Fear of Prescribing Opioids Creates ‘Pain Refugees’

By Zachary Siegel 07/28/16

Some of Montana's chronic pain patients are traveling far away from home to receive adequate opioid treatment regimens. 

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Fear of Prescribing Opioids Creates ‘Pain Refugees’

"Had I stayed in Montana, I would have killed myself," Gary Snook, a self-proclaimed “pain refugee” who has to fly to Los Angeles every 90 days to receive adequate pain treatment, told NPR in a recent report about the cruelty of restrictive opioid prescribing.  

Yes, opioid pain relievers are responsible, at least in part, for driving up mortality rates across the country. And yes, for much of the ‘90s and early 2000s there were—and continue to be—some bad actors that prescribed powerful painkillers indefinitely to patients whose condition did not require such a regimen. In some cases, these practices caused addiction, overdose, and death. 

But when the pendulum rapidly swings from liberal to restrictive prescribing practices (per the CDC guidelines), are lives being saved or is more suffering created? For a group of pain patients in Montana who can’t find a doctor willing to prescribe opioids, it appears to be the latter. 

"I believe pain control is a fundamental human right, or at least an attempt at pain control," said Snook. "To deny someone with a horrible disease like me access to pain medications is the worst form of cruelty." 

Snook acknowledged to NPR that it may look like he is coming off as “desperate” for pills, like someone who is addicted to painkillers. But finding bonafide addiction in chronic pain patients is uncommon, according to a 2010 Cochrane review of the literature. The authors of that review conclude, “Many minor adverse events (like nausea and headache) occurred [as a result of long-term opioid use], but serious adverse events, including iatrogenic opioid addiction, were rare.”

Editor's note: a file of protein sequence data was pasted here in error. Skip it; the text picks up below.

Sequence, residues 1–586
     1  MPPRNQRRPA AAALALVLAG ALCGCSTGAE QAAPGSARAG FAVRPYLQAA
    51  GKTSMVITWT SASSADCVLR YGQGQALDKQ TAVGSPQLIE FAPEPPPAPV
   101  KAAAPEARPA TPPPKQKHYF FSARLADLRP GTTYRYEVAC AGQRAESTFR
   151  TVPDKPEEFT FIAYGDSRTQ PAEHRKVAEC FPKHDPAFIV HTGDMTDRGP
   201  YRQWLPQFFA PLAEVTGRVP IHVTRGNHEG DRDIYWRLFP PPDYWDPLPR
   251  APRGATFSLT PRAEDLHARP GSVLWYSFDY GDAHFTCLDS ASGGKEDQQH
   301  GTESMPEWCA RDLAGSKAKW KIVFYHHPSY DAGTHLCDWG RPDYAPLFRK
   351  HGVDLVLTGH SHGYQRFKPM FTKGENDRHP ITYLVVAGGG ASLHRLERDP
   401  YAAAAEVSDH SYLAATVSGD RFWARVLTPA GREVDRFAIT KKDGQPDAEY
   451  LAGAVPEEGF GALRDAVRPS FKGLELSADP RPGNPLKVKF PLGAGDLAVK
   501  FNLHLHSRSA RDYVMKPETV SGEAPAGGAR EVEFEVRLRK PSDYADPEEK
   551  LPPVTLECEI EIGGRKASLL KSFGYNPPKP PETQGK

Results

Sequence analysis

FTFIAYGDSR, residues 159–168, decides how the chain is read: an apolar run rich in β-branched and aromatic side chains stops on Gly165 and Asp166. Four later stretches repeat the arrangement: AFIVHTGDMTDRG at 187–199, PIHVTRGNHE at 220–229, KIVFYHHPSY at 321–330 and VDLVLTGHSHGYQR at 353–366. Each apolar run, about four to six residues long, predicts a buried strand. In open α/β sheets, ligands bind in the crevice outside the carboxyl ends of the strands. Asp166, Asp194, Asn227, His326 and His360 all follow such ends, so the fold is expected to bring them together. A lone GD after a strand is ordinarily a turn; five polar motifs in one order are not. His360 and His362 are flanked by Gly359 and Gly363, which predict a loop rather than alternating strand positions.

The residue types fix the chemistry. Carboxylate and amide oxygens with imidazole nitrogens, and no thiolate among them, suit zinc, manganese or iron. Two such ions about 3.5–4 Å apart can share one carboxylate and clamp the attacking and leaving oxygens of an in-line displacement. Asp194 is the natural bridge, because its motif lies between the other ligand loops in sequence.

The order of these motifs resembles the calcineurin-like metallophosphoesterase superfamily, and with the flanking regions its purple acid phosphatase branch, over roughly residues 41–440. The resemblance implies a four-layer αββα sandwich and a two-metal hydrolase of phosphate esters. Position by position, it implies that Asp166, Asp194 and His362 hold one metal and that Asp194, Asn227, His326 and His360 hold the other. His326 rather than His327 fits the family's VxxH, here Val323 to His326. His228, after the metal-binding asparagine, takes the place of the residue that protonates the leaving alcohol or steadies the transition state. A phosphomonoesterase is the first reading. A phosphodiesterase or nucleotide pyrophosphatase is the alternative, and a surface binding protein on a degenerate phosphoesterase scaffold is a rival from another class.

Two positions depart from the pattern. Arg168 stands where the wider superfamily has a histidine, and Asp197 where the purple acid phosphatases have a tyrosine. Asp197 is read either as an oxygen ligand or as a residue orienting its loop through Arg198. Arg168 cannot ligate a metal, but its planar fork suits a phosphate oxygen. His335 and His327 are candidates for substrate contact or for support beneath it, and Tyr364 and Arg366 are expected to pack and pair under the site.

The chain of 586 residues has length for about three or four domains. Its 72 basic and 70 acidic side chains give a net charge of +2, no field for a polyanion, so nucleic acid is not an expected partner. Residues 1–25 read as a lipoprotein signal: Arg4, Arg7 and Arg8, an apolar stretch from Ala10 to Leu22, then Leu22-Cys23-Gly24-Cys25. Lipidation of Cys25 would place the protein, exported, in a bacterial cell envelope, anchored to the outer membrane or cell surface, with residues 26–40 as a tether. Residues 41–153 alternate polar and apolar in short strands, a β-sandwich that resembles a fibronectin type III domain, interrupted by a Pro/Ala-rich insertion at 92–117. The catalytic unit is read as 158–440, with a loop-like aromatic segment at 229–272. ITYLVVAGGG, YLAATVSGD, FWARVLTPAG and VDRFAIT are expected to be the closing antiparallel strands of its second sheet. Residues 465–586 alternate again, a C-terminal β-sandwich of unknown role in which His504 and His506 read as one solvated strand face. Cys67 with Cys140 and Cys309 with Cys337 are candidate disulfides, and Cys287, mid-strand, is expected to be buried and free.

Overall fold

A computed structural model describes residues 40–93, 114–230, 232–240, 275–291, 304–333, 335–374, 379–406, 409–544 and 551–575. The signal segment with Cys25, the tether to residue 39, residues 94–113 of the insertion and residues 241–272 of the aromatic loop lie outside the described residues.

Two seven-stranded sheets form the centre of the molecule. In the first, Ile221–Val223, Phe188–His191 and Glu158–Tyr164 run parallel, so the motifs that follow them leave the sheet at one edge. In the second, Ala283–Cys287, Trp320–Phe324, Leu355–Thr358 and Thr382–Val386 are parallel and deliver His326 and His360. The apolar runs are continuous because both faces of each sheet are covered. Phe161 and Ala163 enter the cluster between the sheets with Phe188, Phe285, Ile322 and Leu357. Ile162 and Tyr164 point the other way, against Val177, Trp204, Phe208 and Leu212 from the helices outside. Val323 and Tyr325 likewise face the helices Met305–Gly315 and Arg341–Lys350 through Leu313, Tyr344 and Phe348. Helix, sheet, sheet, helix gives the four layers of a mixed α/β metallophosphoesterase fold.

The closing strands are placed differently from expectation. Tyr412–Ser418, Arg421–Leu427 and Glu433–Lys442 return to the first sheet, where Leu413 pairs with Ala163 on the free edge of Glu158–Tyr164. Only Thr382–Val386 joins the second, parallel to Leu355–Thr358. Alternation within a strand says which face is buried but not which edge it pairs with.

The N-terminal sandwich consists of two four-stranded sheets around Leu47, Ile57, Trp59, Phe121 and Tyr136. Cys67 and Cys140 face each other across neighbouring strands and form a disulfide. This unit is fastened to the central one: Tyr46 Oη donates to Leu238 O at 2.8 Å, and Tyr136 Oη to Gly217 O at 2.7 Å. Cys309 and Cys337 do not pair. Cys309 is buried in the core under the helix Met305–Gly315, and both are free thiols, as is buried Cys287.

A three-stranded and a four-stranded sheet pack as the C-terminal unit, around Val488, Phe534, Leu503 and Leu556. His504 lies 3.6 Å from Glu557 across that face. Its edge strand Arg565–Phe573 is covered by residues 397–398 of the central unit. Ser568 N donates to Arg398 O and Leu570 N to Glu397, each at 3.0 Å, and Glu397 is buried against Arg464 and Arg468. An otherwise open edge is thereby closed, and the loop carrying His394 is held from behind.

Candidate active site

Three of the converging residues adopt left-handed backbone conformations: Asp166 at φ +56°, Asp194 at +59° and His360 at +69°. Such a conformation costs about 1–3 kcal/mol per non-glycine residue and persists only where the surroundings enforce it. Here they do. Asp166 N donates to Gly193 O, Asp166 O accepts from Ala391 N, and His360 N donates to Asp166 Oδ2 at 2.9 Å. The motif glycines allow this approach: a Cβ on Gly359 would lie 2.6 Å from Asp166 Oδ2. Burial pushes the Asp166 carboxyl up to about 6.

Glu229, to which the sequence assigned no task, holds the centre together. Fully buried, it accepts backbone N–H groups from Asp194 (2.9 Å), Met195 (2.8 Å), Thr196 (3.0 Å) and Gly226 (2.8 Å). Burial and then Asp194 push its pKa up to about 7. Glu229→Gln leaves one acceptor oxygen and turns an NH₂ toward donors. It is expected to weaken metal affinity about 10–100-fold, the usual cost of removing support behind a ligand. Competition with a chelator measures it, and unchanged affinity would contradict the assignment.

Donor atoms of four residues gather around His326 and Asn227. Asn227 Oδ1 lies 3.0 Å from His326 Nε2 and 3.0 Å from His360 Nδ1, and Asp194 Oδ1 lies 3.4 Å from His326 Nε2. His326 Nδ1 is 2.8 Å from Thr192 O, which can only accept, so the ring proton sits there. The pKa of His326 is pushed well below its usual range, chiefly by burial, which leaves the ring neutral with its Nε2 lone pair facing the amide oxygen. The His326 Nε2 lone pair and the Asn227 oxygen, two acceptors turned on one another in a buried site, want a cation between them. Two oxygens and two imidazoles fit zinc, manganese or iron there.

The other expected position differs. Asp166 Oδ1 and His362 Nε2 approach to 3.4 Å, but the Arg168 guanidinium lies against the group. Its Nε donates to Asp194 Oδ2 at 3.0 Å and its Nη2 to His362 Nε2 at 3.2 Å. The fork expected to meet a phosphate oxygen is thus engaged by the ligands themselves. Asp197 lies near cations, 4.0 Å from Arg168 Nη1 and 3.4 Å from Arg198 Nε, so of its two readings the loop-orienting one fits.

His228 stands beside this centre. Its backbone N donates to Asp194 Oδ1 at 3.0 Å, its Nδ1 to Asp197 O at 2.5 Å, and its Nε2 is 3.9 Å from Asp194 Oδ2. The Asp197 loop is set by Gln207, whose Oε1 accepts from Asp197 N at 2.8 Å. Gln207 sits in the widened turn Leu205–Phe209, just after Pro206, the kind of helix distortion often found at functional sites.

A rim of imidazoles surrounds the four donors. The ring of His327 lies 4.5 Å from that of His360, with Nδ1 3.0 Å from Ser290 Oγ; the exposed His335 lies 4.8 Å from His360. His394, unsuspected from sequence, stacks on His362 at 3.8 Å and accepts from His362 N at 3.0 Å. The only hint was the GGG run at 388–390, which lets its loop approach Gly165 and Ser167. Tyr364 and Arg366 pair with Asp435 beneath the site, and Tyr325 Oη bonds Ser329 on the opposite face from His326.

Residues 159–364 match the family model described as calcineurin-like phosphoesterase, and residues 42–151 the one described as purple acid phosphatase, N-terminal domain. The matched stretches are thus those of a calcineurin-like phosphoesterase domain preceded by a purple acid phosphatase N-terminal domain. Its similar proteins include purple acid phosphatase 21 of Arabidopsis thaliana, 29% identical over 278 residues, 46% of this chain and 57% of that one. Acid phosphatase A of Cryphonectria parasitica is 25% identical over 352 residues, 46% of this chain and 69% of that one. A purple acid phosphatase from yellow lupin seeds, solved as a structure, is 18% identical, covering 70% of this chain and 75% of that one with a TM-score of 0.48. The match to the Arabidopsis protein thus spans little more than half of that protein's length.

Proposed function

"My pain, it's all from my waist down," Snook told NPR. "It's like being boiled in oil 24 hours a day." He is looking for treatment, not a fix. 

But adequate care is scarce in Montana. Marc Mentel, chair of the Montana Medical Association committee on prescription drug abuse, confirmed Snook’s plight. He told NPR that Montana doctors are wary of opioid prescribing, fearing they may addict their patients. 

As a result, Snook is forced to make the trip to suburban Los Angeles every 90 days to visit Dr. Forest Tennant, who runs a small strip-mall practice. Dr. Tennant felt he had to state the obvious, that opioids help people and because of that they should be used. But there’s a caveat, "You don't use them until everything else has failed," he says.

Such is the case for Snook and his two comrades. Snook himself has tried every treatment under the sun: surgeries, epidural steroid injections, acupuncture, anti-inflammatories, physical therapy, pool exercises, and the list goes on. 

"I've tried anything that anyone has ever suggested me to try,” he said. “Unfortunately what I do right now is the only thing that works." 

And because of that, says Dr. Tennant, opioids shouldn’t be stigmatized. 

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Zachary Siegel is a freelance journalist specializing in science, health and drug policy. His reporting has also appeared in Slate, The Daily Beast, Salon, Huffington Post, among others. He writes often about addiction, sometimes drawing from his own experience. You can find out more about Zachary on Linkedin or follow him on Twitter.

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